Gertrude Stein

Gertrude Stein

Pittsburgh, Allegheny County, Pennsylvania, USA
Death 29 Jul 1946 (aged 72)
Neuilly-sur-Seine, Departement des Hauts-de-Seine, Île-de-France, France
Burial Paris, City of Paris, Île-de-France, France
Plot Division 94
Memorial ID 977 · View Source
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Author. She received international acclaim for being an American author during the first half of the 20th century. Born into a German-Jewish family, she spent the first part of her childhood in Europe learning several languages. Her family settled in California and by the time she was seventeen, both her parents had died. In a time when women were not easily accepted in the medical field, she attended Johns Hopkins Medical School between 1897 and 1902 in hopes of becoming a physician. She graduated from what-is-now Radcliffe College in 1898. She studied psychology under William James and co-authored with another student a study revealing that individuals show their essential characters through repetitions of speech and patterns of behavior. Although females could not attend Harvard University in this era, she had two articles published in the Harvard University's “Psychology Review.” After abandoning medicine and leaving the United States for Paris, France in 1903, she became a central figure in the art world with frequent soiree gatherings in her home of noted writers, artists, and other personalities. She began in the early 20th Century to combine the art she championed, Cubism and abstract painting, into her writing. Between 1909 and 1945 she published six books: "Three Lives" in 1909; "Tender Buttons" in 1914; a 900-page novel, "The Making of Americans" finished in 1911 but published in 1925; "The Autobiography of Alice B. Toklas;” her second memoirs, "Everybody's Autobiography" in 1937; and "Wars I Have Seen" in 1945. Considered her best work, “The Autobiography of Alice B. Toklas,” was actually Stein's memoirs written about her unconventional life-style through the eyes and voice of Toklas, a beloved friend and her life-companion. In 1980 a collection of love letters between the two women made their public debut by Yale University. She wrote numerous published poems, including “Scared Emily” containing her often quoted line, “A rose is a rose is a rose is a rose.” She collaborated on an opera, “Four Saints in Three Acts,” with composer Virgil Thomson, and in 1934 returned to the United States for six months to support this project and do a lecture tour. A second opera by the two was “The Mother of All of Us” which was released in 1947 after Stein's death. During World War I, she was an ambulance driver for the French army. While in France during World War II, she sided with Allied forces, yet was friends with Bernard Fay, a Nazi Party supporter, who was sentenced to life in prison after the war for his part in causing the death and suffering of hundreds of French Jews and Freemasons. As a Jew, she gave a written statement that Fay had protected her and others from the Nazi forces during the war and saved her art collection. Later, she gave a monetary contribution to help with his 1951 escape from prison. Although never published for the American audience, she translated from French to English 32 of France's Field Marshal Philippe Petain's speeches, in which he outlines the cleansing of France's cultural foreign elements, such as Jews. She died with the diagnosis of inoperable stomach cancer.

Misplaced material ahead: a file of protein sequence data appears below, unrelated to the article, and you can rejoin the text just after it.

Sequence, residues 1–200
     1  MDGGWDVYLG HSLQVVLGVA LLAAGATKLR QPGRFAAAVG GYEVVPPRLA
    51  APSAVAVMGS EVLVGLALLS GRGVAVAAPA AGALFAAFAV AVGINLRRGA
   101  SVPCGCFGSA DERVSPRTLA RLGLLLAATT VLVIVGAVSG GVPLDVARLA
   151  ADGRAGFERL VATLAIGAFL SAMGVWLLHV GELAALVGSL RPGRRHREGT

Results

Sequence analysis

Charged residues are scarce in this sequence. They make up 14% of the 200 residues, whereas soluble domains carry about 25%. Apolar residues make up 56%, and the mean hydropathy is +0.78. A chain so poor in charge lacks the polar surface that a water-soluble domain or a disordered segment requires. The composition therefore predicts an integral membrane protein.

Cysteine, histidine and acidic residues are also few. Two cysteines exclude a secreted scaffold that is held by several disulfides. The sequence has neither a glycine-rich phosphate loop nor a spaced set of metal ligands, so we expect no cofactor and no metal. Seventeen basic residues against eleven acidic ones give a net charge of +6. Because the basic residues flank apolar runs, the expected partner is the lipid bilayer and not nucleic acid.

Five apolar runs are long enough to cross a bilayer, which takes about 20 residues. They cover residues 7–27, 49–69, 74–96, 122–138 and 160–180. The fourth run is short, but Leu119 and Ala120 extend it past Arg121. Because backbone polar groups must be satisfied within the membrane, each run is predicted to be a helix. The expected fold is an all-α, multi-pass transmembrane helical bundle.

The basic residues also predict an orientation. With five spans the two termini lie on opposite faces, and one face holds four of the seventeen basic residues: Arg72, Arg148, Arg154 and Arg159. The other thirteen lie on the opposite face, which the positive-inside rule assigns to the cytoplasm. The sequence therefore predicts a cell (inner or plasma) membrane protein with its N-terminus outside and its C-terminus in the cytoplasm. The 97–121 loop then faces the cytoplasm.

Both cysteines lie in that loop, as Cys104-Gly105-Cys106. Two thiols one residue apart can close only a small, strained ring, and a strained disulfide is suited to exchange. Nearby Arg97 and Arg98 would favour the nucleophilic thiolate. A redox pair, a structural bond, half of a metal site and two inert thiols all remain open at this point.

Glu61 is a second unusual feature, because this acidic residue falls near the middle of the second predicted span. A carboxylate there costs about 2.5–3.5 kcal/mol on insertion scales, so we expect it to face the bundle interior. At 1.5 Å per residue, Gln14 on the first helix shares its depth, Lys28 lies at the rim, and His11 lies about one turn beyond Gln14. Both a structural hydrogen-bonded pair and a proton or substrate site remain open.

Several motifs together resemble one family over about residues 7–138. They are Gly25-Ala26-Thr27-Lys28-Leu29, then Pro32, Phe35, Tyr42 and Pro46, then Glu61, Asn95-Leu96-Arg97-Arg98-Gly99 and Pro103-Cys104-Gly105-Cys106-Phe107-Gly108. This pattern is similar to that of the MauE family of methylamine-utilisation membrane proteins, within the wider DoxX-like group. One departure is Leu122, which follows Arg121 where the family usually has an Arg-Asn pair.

Bio by: Linda Davis

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  • Maintained by: Find a Grave
  • Added: 31 Dec 2000
  • Find a Grave Memorial 977
  • Find a Grave, database and images ( : accessed ), memorial page for Gertrude Stein (3 Feb 1874–29 Jul 1946), Find a Grave Memorial no. 977, citing Cimetière du Père Lachaise, Paris, City of Paris, Île-de-France, France ; Maintained by Find A Grave .